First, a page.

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My father is an excellent amateur woodworker and has observed the wisdom that "You should never buy a tool until you need it." Similarly I find that I don't bother with features until I must have them.

I've never used prototypes, except for one occasion which hasn't proven all that useful (to me, anyway.)

One time I experimented with operator overloading, but then merlyn pointed out a far better (and more obvious) way to do what I needed and I haven't had a need for operator overloading since then.

I've never felt the need to use tie, prefering instead to use objects when I want a variable that has behaviour.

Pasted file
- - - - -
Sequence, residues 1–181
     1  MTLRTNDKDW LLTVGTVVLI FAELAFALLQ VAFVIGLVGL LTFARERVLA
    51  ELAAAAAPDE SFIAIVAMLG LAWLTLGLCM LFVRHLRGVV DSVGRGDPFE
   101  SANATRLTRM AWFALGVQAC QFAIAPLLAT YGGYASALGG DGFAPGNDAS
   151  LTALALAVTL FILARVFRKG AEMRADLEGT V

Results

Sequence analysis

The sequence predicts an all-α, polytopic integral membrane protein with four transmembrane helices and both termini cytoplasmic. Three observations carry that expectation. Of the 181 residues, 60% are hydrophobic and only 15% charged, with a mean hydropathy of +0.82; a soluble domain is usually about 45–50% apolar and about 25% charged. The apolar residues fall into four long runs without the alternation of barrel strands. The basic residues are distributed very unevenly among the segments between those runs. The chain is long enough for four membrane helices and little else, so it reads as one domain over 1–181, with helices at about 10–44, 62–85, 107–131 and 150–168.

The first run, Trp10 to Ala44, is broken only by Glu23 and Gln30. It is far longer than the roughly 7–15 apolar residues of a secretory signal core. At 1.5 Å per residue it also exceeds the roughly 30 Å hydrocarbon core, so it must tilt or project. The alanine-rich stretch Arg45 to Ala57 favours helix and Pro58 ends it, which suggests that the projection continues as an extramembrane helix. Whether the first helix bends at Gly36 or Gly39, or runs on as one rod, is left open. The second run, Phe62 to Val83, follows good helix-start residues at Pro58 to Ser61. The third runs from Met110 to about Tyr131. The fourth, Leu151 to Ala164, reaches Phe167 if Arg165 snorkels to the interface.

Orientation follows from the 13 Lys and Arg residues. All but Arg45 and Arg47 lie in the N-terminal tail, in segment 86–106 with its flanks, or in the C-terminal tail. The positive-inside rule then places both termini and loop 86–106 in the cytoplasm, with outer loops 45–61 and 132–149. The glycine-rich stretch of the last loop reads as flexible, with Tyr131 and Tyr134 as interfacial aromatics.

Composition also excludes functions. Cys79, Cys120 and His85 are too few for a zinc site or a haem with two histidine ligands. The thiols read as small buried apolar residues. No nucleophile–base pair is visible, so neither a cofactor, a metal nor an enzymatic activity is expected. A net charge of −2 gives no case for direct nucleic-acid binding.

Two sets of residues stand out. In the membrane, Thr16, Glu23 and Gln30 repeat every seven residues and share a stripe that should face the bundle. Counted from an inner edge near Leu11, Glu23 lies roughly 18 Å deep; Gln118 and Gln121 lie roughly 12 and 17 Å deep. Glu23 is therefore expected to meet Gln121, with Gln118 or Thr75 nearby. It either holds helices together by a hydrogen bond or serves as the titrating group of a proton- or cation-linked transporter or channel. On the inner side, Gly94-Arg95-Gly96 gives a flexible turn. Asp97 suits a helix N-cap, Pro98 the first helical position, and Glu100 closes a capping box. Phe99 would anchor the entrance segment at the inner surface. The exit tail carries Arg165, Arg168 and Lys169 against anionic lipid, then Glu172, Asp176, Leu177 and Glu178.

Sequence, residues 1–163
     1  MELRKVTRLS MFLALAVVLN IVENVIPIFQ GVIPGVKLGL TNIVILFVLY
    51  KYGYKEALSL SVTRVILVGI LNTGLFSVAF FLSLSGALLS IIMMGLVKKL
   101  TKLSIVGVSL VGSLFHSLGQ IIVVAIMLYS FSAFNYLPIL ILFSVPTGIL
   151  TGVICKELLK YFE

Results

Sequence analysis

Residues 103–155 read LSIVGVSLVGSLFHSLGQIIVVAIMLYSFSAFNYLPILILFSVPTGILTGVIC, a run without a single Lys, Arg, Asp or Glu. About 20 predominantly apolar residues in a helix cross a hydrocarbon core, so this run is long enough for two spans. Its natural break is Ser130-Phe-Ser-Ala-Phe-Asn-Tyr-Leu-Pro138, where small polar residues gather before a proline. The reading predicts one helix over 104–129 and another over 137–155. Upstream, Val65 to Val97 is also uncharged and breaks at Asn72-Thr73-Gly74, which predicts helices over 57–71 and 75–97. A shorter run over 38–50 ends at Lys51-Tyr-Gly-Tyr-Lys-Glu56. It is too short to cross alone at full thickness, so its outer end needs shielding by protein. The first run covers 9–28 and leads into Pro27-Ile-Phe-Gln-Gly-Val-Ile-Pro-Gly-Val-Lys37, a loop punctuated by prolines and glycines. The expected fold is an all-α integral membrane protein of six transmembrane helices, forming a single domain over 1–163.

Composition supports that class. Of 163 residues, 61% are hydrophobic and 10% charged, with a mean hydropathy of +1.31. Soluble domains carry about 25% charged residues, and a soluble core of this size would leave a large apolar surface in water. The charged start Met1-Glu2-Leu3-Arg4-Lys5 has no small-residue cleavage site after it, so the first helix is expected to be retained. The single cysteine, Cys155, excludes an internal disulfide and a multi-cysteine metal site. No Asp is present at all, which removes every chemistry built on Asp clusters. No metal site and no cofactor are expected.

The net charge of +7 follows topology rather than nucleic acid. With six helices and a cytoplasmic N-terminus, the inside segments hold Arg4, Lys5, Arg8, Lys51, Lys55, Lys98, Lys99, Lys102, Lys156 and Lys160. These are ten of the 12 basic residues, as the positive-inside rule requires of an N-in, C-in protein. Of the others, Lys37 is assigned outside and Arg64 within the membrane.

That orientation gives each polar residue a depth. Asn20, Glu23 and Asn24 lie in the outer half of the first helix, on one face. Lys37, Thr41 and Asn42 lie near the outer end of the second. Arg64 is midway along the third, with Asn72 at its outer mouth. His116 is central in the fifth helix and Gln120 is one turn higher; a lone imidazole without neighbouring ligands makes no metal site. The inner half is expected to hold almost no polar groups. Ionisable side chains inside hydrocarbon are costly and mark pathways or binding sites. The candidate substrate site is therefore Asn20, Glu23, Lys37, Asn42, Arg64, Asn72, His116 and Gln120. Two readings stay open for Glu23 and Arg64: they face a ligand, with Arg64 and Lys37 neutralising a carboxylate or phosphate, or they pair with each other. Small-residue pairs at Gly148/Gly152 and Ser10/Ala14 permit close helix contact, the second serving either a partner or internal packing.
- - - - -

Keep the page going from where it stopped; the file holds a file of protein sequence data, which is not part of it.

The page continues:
I never use subroutine attributes, they smell bad to me, which is part of the reason Catalyst makes me recoil in horror. (CGI::App forever! :) ) I do, however, use Test::Class, which is so cool that I can get over my objection to attributes for that one case.

I never use the debugger.

I suppose the moral of the story is:

  1. Keep it simple, stupid
  2. You don't have to know/have everything to be productive
  3. Don't let your prejudices separate you from a good solution (e.g. Test::Class).

In reply to Re: Things I Don't Use in Perl by friedo
in thread Things I Don't Use in Perl by Ovid

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